Banksia in the forest

Summer banksia

The shade from the trees is the only reason I am able to be out here in this heat for this long. I’m not carrying enough water to be able to walk for hours in direct sunlight. The vegetation around me thrives in this weather and won’t care if I have to retreat back to my natural habitat earlier than planned.

I know there are animals out here too and some would have already spotted me, but I haven’t seen them even though I’m trying very hard to do so. This area has a variety of plants, each with different textures and shades of colour, making it more difficult for me to distinguish where an animal may be or what it has recently disturbed. I am concentrating on the forest floor today, mainly on the look out for snakes, but also because I’ve noticed lots of scratch marks in the tough, dry ant mounds which is a good sign there are echnidnas around. My decision to focus on the ground means I’m going to miss out on whatever is happening in the treetops and above, but snakes are a genuine concern right now.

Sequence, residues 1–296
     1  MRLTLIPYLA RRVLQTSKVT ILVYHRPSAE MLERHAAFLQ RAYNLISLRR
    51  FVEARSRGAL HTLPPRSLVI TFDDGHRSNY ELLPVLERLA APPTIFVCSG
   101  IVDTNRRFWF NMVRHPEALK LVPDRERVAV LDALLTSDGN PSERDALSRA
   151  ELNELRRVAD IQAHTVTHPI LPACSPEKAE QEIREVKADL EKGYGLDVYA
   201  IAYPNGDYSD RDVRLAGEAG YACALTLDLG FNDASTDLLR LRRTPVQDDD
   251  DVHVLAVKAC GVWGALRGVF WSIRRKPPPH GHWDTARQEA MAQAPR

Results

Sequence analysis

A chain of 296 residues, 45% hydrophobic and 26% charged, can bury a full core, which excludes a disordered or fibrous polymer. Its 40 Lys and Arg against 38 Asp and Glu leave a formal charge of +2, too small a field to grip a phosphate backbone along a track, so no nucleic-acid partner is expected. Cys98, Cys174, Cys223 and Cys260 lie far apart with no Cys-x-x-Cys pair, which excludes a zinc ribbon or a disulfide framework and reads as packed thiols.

I realise I have arrived at a banksia tree because some of its unique pods have fallen beside the path. These seeds have fascinated me since childhood. They are clusters of hairy mouths and could resemble a monster from somebody’s nightmare except they all seem so friendly. The mouths are never arranged neatly in rows and columns. They seem to jostle amongst themselves as they chatter and mumble.

Banksia in the forest - Oil on canvas - 40cm x 50cm
Summer banksia. 40cm x 50cm. Oil on canvas.

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